Emmett has a wife and two children, a cat, and a duck, and he wants to know what life is about. Every day he gets up before dawn, makes a cup of coffee in the dark, lights a fire with one wooden match, and thinks. What Emmett thinks about is the subject of this wise and closely observed novel, which covers vast distances while moving no farther than Emmett's hearth and home. Nicholson Baker's extraordinary ability to describe and celebrate life in all its rich ordinariness has never been so beautifully achieved. Baker won the National Book Critics Circle Award for Double Fold: Libraries and the Assault on Paper. He now returns to fiction with this lovely book, reminiscent of the early novels-Room Temperature and The Mezzanine-that established his reputation. From the Hardcover edition.
- New York Times Notable Books of the Year
The science of the insignificant has always been Baker's field of study. Treading a fine line between microcosmic dazzlement and banality, he has carved out a minuscule kingdom for himself. After his recent excursion into nonfiction (the National Book Critics Circle Award-winning Double Fold), he returns to fiction with a novel in the classic Baker tradition. For Emmett, a 44-year-old father and textbook editor, the predawn wintry darkness is an invitation to musings and meditations on life's events-make that nonevents. Each chapter begins virtually identically ("Good morning, it's 4:45 a.m...."), with Emmett reflecting on something as he sips coffee and warms himself by the fire: the family's pet duck, outside in the cold; a well-worn briefcase; an alternative career as a lichen expert; the idea of collecting paper towel designs. His family-two children and wife Claire-occasionally appear in his ruminations, and his love for them is palpable. But they never emerge as more than background figures, because Emmett's preoccupation is with himself; at one point, he (literally) gathers lint from his navel. Baker struggles to manufacture drama ("Last night my sleep was threatened by a toe-hole in my sock"), and his prose is evocative (a match bursting into flame becomes a "dandelion head of little sparks"). He is such an excellent writer, a master of descriptive detail with an unusual perspective on the world, that he can almost be forgiven for his tendency to focus on the mundane-almost. Emmett's life may seem rich to him, but it isn't rich enough to propel an entire novel. Even readers with a weakness for Baker's particular brand of minutiae may find themselves hoping that next time he will find a subject worthier of his prose. Agent, Melanie Jackson. Author tour. (Jan. 14) Copyright 2002 Cahners Business Information. -- PUBLISHERS WEEKLY.
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March 08, 2004
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Excerpt from A Box of Matches by Nicholson Baker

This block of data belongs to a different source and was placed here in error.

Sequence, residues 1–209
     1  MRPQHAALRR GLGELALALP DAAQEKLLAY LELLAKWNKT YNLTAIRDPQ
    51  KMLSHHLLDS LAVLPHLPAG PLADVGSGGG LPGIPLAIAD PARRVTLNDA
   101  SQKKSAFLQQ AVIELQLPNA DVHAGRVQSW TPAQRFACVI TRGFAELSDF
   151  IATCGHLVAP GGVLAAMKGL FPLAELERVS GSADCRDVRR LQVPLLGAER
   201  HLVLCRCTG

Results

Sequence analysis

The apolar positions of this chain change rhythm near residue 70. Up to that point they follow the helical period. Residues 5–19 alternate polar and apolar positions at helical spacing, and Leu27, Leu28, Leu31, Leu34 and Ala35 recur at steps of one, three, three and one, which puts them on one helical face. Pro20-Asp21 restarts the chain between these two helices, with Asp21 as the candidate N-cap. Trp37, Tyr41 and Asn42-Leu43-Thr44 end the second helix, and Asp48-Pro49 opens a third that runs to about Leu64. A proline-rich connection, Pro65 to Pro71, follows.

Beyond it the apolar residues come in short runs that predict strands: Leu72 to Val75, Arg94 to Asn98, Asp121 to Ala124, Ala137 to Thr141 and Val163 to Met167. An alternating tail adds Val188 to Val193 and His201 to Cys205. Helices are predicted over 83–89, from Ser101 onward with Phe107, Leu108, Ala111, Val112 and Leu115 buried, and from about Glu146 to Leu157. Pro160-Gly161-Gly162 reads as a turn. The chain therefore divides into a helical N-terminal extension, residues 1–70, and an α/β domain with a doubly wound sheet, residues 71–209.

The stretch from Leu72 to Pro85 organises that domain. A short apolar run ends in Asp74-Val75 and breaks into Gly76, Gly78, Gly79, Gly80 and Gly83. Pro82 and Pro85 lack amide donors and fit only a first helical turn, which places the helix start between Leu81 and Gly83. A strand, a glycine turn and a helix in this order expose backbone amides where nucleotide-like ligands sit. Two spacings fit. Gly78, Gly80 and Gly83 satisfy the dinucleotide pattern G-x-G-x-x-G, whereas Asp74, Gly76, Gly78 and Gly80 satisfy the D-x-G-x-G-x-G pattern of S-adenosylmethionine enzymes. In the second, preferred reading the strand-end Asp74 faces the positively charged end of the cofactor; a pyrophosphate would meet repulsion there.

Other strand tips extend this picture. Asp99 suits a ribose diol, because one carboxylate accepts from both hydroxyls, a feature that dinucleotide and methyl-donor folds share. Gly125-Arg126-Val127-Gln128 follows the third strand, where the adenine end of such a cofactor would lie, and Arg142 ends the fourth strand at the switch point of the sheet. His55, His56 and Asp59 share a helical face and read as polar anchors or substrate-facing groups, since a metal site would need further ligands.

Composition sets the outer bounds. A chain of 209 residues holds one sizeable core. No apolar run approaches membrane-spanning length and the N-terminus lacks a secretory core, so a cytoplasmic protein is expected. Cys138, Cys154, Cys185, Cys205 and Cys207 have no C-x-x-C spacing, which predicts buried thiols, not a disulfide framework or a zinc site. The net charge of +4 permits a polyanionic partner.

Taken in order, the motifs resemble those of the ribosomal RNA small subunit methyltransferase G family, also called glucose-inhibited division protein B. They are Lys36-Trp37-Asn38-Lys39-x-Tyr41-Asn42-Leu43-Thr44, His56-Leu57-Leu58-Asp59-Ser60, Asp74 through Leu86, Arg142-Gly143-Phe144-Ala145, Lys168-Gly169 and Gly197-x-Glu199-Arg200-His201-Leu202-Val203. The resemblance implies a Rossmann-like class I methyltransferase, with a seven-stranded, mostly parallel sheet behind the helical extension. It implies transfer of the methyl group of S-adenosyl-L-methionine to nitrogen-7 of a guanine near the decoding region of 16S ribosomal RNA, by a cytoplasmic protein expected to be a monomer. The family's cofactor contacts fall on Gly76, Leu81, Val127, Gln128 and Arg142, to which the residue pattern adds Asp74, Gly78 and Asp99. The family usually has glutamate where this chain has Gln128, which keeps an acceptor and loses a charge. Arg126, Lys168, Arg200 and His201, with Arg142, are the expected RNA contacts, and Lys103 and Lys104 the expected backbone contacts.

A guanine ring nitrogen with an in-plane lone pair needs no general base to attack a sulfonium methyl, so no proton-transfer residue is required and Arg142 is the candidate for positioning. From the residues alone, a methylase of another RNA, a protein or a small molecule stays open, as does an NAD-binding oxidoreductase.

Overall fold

Good morning, it's January and it's 4:17 a.m., and I'm going to sit here
in the dark. I'm in the living room in my blue bathrobe, with an
armchair pulled up to the fireplace. There isn't much in the way of open
flame at the moment because the underlayer of balled-up newspaper and
paper-towel tubes has burned down and the wood hasn't fully caught yet.
So what I'm looking at is an orangey ember-cavern that resembles a
monster's sloppy mouth, filled with half-chewed, glowing bits of
fire-meat. When it's very dark like this you lose your sense of scale.
Sometimes I think I'm steering a space-plane into a gigantic fissure in
a dark and remote planet. The planet's crust is beginning to break up,
allowing an underground sea of lava to ooze out. Continents are tipping
and foundering like melting icebergs, and I must fly in on my highly
maneuverable rocket and save the colonists who are trapped there.
Last night my sleep was threatened by a toe-hole in my sock. I had known
of the hole when I put the sock on in the morning-it was a white tube
sock-but a hole seldom bothers me during the daytime. I can and do wear
socks all day that have a monstrous rear-tear through which the entire
heel projects like a dinner roll. But at night the edges of the hole
come alive. I was reading my book of Robert Service poems last night
around nine-thirty, when the hole's edge began tickling and pestering
the skin of the two toes that projected through. I tried to retract the
toes and use them to catch some of the edge of the sock's fabric,
pulling it over the opening like a too-small blanket that has slid off
the bed, but that didn't work-it seldom does. I knew that later on,
after midnight, I would wake up and feel the coolness of the sheet on
those two exposed toes, which would trouble me, even though that same
coolness wouldn't trouble me if the entire foot was exposed. I would
become wakeful as a result of the toe-hole, and I didn't want that,
because I was starting a new regime of getting up at four in the